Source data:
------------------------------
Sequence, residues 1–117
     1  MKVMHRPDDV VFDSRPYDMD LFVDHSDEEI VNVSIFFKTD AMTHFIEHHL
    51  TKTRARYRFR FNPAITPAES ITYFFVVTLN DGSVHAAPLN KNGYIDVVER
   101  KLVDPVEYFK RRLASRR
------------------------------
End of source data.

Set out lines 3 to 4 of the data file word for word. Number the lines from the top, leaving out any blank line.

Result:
    51  TKTRARYRFR FNPAITPAES ITYFFVVTLN DGSVHAAPLN KNGYIDVVER
   101  KLVDPVEYFK RRLASRR